10.000 cars flashed speeding at road works in one week
In one week, 9.976 road users drove too fast at the level of the road works on the E17 in Kalken (East Flanders). As far as we know, this is the first time that the mobile ‘super-speed camera’ of the federal police has caught so many road users in such a short time. “This is very worrying because on the narrow lanes the slightest distraction can lead to an accident,” says the Road and Traffic Agency.
Faster than 50 km/hour
Between 21 and 28 August, just under 10.000 drivers thus got caught, according to the figures from the federal police. The super-speed camera LIDAR, a gaudy square box that is difficult to hide, caught 8.903 passenger vehicles and 1.073 trucks that drove faster than the permitted 50 km/hour.
Hundreds of them even drove far too fast. “607 drivers (6%) are allowed to expect an official report instead of the normal immediate collection due to a serious speed violation,” says Jonathan Pfund of the federal police.
Since last month, large signs along the highways have been calling for extra caution in the vicinity of road works. But despite all the campaigns, many drivers continue to forget how dangerous it can be to drive too fast past road works. Last year, three people were injured every day at the level of road works. The final balance was sad: 884 injury accidents and 16 deaths.
Also striking: in half of the accidents trucks were involved. That is why, according to Veva Daniels of the Agency for Roads and Traffic, it is so worrying that more than 1.000 trucks have been flashed on the E17. “These trucks have a greater braking distance and a higher weight so that an accident can quickly have dramatic consequences.”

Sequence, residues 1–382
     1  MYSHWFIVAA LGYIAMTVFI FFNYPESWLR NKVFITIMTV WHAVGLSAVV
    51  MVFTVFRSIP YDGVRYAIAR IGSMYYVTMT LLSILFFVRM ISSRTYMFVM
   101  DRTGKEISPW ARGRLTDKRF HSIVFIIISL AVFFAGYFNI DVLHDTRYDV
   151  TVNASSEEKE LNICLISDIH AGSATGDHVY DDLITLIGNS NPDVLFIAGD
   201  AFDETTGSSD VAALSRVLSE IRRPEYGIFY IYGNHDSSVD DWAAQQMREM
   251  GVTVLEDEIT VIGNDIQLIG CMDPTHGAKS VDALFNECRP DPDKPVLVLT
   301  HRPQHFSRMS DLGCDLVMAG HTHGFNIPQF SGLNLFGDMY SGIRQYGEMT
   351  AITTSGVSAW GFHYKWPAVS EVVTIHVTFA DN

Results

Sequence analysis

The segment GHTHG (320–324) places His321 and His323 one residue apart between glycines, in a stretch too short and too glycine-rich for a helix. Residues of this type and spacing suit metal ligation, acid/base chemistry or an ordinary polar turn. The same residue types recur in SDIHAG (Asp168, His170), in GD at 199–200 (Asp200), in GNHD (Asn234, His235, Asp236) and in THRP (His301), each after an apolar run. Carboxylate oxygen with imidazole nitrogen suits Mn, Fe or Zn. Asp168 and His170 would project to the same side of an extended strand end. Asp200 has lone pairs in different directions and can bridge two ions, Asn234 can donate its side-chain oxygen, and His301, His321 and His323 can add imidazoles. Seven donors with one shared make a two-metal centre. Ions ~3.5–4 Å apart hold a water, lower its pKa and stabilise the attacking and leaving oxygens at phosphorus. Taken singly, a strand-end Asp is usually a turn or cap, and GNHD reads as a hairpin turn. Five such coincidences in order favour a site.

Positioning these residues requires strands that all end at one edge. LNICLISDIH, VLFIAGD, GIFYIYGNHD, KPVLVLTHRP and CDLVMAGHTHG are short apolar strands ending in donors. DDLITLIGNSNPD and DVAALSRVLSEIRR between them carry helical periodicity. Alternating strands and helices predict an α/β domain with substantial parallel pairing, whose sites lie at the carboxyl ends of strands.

The fact that Belgian drivers are unteachable was also shown in earlier research by the traffic safety institute, Vias: almost seven out of ten Belgians forget to slow down when there are road works. This makes Belgians the worst pupils in the European classroom. That is also why intensive speed control recently has been opted.
At the level of the works in Kalken, the maximum speed was 50 km/hour, while 70 km/hour is the norm for many other road works. “But we don’t do that for the sake of bullying: we have fixed guidelines and 70 km/hour would be too fast there,” says Daniels. “The lanes are very narrow, so the slightest distraction can lead to an accident, especially so close to the crash barrier. The slower you drive, the lower the toll of an accident.”